New Orleans Firefighters In Court To Demand $75.5 Million In Back Pay

NEW ORLEANS, LA &#8211 Already struggling over how to pay a $17.5 million judgment to its firefighters’ pension fund, New Orleans could soon face another whopping bill, this one decades in the making.

Attorneys for Mayor Mitch Landrieu and the city firefighters union are expected to square off Friday (July 25) in Civil District Court over $75.5 million a judge ruled the city owes to more than 1,100 firefighters or their families for back pay earned between March 1990 and late 2006.

Louis Robein, an attorney for the union, asked Civil District Judge Kern Reese on June 30 to force city officials to come up with a pay plan. Assistant City Attorney Cashuana Hill responded that the administration is trying to do so.

“The city continues to evaluate its resources and seek creative solutions in an attempt to determine how and when the amount owed can be paid,” she wrote in a court filing.

Combined with the pension debt decision, the two judgments equal nearly a fifth of the city’s 2014 operating budget. And union representatives say they plan to demand another $54 million from the city to cover pension contribution shortfalls from 2010, 2011 and 2013. The $17.5 million only covers what Civil District Judge Robin Giarrusso deemed the city shorted the fund in 2012.

Firefighters and at least five mayors have battled in court over salaries and benefits.

The firefighters union, Local 632, first sued in 1981 over a change in 1979 to city policies governing how department employees accrued vacation and sick leave. That lawsuit was still grinding through the courts in 1993 when the firefighters tacked on another suit. This time, for the city’s failure to consistently award 2 percent state-mandated pay raises. That long-standing law required firefighters receive 2 percent raises every year, starting in their third year and continuing through their 23rd.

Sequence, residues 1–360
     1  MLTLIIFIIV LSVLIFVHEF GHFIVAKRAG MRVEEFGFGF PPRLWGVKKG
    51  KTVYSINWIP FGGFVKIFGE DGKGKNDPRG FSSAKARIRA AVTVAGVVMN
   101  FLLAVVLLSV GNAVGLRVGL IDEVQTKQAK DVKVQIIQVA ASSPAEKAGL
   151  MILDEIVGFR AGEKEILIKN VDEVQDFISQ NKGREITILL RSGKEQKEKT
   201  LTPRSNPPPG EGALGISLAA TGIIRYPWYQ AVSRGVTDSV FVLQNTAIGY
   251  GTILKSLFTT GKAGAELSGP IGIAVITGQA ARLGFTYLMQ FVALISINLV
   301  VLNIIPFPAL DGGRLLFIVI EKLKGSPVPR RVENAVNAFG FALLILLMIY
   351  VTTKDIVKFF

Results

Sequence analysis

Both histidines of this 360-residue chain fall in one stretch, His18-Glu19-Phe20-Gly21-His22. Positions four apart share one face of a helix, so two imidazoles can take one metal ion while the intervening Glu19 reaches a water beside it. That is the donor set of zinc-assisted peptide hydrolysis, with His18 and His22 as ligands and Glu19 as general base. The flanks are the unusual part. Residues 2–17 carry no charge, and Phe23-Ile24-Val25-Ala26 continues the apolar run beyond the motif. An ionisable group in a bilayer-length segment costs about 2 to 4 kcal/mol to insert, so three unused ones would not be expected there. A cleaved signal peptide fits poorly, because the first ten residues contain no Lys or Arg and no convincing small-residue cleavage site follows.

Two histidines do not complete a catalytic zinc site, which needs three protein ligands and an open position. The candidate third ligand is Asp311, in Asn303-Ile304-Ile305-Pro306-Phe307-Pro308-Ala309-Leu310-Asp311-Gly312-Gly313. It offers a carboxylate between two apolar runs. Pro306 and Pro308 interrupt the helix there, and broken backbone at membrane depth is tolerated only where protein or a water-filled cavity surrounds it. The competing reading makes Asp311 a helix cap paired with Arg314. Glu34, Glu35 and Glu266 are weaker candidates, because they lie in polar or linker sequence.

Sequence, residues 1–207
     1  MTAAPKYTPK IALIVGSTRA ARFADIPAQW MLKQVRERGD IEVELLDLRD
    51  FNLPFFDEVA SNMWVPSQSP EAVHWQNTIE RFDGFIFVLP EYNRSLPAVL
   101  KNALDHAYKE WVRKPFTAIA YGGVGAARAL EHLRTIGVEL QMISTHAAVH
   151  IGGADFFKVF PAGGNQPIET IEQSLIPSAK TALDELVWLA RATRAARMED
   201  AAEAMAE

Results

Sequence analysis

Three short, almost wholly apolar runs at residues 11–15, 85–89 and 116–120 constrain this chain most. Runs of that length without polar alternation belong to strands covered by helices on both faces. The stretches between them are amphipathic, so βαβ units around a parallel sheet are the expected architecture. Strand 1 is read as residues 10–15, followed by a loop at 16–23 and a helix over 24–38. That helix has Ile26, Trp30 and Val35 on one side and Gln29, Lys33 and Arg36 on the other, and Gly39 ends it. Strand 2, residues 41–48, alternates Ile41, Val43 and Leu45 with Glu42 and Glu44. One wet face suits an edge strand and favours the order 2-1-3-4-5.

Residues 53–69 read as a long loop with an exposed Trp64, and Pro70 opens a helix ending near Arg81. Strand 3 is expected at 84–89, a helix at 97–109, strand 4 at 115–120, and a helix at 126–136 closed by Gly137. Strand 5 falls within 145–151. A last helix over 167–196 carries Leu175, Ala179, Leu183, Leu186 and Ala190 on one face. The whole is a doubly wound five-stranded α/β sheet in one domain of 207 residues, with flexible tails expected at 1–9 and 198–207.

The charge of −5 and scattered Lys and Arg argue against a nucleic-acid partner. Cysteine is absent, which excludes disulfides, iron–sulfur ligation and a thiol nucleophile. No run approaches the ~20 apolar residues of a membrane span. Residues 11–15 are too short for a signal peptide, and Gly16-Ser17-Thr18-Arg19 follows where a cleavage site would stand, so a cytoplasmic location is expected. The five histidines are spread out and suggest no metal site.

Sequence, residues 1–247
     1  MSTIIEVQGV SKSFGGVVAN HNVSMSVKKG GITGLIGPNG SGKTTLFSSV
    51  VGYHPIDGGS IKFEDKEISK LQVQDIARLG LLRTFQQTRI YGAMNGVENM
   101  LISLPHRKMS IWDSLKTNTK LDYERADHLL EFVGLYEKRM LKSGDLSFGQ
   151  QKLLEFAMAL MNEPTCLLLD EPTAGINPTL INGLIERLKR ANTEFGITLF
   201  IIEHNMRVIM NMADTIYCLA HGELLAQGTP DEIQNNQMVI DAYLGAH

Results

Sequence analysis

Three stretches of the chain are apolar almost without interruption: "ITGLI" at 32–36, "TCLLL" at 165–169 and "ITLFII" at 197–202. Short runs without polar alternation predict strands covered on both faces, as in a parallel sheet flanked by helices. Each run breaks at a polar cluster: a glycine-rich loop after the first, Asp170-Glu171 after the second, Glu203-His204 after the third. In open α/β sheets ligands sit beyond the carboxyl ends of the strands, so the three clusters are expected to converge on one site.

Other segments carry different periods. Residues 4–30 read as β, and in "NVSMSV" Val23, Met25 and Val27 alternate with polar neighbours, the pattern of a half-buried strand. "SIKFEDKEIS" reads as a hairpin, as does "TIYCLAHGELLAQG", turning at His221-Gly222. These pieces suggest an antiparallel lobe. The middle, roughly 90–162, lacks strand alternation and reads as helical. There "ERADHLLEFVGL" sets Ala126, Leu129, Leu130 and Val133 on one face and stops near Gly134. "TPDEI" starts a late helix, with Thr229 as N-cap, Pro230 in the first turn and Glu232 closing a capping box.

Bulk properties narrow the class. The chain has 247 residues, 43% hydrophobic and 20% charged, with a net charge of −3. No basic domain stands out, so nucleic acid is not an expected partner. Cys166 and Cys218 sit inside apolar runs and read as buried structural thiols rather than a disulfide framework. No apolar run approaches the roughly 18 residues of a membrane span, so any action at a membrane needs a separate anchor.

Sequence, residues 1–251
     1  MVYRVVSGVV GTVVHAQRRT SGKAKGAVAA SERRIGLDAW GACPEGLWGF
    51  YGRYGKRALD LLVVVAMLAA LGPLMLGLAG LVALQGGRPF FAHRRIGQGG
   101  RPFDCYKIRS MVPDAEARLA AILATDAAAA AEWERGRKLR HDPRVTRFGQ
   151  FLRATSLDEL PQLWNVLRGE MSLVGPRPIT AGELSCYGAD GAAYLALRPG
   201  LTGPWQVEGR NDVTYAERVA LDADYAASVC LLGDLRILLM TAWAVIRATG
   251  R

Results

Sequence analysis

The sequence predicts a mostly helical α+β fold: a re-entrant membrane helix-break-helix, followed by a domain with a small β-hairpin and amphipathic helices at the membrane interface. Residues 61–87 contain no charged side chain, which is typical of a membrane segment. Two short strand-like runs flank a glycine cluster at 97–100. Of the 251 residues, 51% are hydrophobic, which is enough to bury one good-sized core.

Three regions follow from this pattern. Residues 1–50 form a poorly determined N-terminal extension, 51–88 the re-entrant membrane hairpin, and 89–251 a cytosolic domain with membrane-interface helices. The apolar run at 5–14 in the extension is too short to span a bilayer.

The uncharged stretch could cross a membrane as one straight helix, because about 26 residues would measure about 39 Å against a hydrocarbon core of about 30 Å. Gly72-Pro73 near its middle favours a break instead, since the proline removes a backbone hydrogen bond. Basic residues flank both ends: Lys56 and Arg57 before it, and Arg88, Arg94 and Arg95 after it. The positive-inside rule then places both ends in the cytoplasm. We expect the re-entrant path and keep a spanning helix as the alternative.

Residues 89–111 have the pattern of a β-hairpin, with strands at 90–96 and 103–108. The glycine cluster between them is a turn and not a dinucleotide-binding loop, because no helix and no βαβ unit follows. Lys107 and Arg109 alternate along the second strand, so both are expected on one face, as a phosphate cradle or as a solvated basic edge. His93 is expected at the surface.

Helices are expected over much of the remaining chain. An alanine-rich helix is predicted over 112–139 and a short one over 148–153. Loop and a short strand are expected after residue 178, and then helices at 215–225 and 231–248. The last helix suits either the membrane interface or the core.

In February 2003 — the early days of former Mayor Ray Nagin’s administration — Judge Roland Belsome ruled that the city owed hundreds of firefighters or their families a collective $176.2 million for raises they should have received as far back as 1979. The city appealed under a state law that said such judgments can only go back three years before a lawsuit was filed. The 4th Circuit Court of Appeal agreed and limited damages to 1990.

After several pitched battles over raises for much of his tenure, Nagin enacted pay raises in 2007, bringing future paychecks for active firefighters in line with court orders. But that left past salaries still unsettled.

Negotiations over the back pay amount, which the union and the Landrieu administration started in 2011, were put on hold after firefighters sued in March 2013 over reduced city contributions to their pension plan in 2012.

Reese ruled on June 10 that $75.5 million was the proper calculation after city-hired auditors had examined firefighters’ past salaries. Individual firefighters or their heirs stand to make between $500 and $292,000 each in lump sum payments, depending on their tenures and ranks, court documents show.

From The Times-Picayunne

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